Is there anyone who can tell me what it means?

“A change affected by youth?” – @puputrbc

‘Youthquake’ means a significant change in some aspect, such as political, social, business, culture, etc., that was lead by young people. Could you give me some example of something as the product of the change? As a simple illustration, I think the significant raise of cafes is.

“Startup business, I guess.” – @kaonashily

Even though this word is just recently known, but it is said that ‘youthquake’ was mentioned publicly in 1960s by Vague Magazine editor. Here are some example of ‘youthquake’ in sentences:

  • “Have you noticed that youthquake had already existed along with the rapid development of social media?”
  • “Youthquake had silently changed our lifestyle.”

 

Source:

Compiled and written by @mettaa_ for @EnglishTips4u on Thursday, January 4, 2018

#WOTD: Debutante

Hello, Fellas. How are you today? This evening we are going to discuss “debutante.” Are you familiar with this word?

The very first time I found “debutante” is when I was reading historical fiction novel. It was about a selection to get a bride for crown prince of a kingdom.

If you take a look in Merriam-Webster dictionary, “debutante” is originally a French word. It means grand attendance of an upper-class young lady to parties. Since they are a high-class parties, the lady definitely wears her best gown to create a good impression.

Generally, debutantes will be presented in a royal party in order where the nobles may choose one of them as their soon-to-be bride. Here are some illustration of the “debutante” usage in a sentence:

  • “Nina is the most debutante in this season.”
  • “A debutante should have a beauty as well as a good education.”

Compiled and written by @mettaa_ for @EnglishTips4u on Thursday, September 14, 2017

#WOTD: Gratis

You see it right, Fellas. We will discuss the word ‘gratis’ today.

I knew ‘gratis’ as a Dutch word when I attended a short Dutch course several months ago. At that time, I thought that ‘gratis’ had originally been brought by Dutch in colonization era and then we adopted it into Indonesian vocabulary. However, It surprised me when I found the word ‘gratis’ in English written book I am currently reading.

After I did a brief research, ‘gratis’ is originally Latin. It means kindness or thankful. You might find there are other sources, such as Collins dictionary and Merriam-webster, stated ‘gratis’ is also borrowed from the word ‘gratia’ which means favour. It is known that people started to be familiar with this word in late Middle English period (15th century.)

As an English vocabulary, ‘gratis’ shares the same meaning to Dutch or Indonesian. ‘Gratis’ means free or without (money) charge. In addition, it can be an adverb or an adjective.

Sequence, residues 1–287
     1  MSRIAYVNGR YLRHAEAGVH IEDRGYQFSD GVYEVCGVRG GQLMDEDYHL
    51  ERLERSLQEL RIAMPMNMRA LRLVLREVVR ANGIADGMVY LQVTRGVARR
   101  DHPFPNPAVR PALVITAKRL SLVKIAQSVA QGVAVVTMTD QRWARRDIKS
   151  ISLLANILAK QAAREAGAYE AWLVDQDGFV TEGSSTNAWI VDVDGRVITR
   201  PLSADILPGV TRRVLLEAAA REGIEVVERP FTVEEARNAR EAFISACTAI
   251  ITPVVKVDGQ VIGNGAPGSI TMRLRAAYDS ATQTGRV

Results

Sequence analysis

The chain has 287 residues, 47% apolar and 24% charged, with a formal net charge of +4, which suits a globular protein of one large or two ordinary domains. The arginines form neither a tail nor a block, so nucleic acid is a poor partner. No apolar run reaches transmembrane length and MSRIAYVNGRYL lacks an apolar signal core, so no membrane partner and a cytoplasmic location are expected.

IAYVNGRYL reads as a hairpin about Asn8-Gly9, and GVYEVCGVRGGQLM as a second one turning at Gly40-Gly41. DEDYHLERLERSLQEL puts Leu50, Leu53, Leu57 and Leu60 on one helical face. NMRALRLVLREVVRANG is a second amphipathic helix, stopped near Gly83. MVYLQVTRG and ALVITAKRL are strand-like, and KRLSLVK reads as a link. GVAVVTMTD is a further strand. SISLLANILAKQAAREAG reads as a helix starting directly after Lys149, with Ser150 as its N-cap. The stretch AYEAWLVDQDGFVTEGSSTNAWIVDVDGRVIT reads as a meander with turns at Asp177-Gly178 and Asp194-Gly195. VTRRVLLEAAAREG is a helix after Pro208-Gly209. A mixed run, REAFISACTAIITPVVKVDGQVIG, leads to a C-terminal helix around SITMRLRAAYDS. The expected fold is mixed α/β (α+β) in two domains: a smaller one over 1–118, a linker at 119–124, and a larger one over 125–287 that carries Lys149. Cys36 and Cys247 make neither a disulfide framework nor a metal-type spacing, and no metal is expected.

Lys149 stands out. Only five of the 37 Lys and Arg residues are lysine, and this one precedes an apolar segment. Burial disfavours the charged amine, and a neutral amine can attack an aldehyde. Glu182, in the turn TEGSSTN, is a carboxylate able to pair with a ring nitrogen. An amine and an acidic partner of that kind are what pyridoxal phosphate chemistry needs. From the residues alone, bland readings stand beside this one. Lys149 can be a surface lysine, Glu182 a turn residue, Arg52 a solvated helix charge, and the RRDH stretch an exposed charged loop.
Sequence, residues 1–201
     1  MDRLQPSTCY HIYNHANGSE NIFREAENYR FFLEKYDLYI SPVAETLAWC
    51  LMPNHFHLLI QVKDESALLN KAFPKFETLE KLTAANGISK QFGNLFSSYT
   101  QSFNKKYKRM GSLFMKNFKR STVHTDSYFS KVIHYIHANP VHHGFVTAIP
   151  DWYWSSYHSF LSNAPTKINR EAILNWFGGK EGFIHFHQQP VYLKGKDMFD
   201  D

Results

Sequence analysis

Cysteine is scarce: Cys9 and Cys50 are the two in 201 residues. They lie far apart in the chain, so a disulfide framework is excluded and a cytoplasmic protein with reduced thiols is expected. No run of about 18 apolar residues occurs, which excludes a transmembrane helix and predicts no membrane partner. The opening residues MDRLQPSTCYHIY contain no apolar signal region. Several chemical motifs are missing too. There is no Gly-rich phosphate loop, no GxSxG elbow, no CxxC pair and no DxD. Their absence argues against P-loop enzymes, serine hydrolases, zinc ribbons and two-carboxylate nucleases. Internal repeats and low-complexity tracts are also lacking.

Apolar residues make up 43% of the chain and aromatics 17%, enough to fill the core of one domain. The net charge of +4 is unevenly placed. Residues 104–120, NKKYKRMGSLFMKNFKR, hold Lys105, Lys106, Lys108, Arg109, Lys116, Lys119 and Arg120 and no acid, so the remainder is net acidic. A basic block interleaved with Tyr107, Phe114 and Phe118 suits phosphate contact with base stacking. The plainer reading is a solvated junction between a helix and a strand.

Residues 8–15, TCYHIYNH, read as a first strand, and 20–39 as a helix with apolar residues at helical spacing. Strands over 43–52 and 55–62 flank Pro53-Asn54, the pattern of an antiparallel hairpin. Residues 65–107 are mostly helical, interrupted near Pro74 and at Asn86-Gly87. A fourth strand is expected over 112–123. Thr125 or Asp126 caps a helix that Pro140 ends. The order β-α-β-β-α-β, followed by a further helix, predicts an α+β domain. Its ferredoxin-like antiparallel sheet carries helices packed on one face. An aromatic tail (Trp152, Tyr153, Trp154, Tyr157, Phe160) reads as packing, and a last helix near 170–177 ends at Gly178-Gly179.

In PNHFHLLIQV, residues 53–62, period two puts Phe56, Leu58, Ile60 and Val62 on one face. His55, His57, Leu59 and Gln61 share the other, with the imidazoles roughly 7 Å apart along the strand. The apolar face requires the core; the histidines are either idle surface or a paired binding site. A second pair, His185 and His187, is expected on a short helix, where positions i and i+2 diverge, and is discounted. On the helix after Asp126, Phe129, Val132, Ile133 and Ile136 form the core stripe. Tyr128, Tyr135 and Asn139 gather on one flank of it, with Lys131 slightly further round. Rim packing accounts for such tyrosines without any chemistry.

Example:

  • “You don’t need to pay for this hamburger. It’s gratis.”
  • “I got this bicycle gratis for winning a competition.”
  • “You can get a gratis ice cream if you show this coupon to McD staff.”

Latin is well-known as a universal language, especially in science. So, you may find it in other literature, too, e.g., German, Italian, and Portuguese.

Additional source:

Compiled and written by @mettaa_ for @EnglishTips4u on Tuesday, April 25, 2017.

 

#WOTD: Nitpick

Hi fellas, have you ever corrected someone’s insignificant typo or other ignorable mistake? Well, did you know there’s a word for that? It’s “nitpick“.

 

did-you-mean-16aeead7a349d1cbf62d2ddd71b37971
Did you mean: nitpick

 

Nitpick” can act as a verb or a noun. The word means criticizing small and unimportant detail. For example, when your friend type “Youre welcome” in a text message and you correct him saying he missed an apostrophe, you’re nitpicking at him. When using “nitpick” as a verb with an object, you can say “nitpick at” or “nitpick about“.

Here are some example sentences with “nitpick”:

“It’s a really well-designed house, I can’t find thing to nitpick about.”

“People can nitpick all they want but I’m still proud of my first published book that I worked very hard for.”

“We get along very well although sometimes we can’t help nitpicking at each other.”


Compiled and written by @Fafafin for @EnglishTips4U on Thursday, March 2, 2017

#WOTD: Whilst

‘Whilst’ is a conjunction (kata sambung), a word used to connect clauses or sentences or to coordinate words in the same clause.

As a conjunction, ‘whilst’ means the same as ‘while‘. Both mean ‘during the time that something else happens.’

Example:

  • She reads a novel whilst waiting for her boyfriend.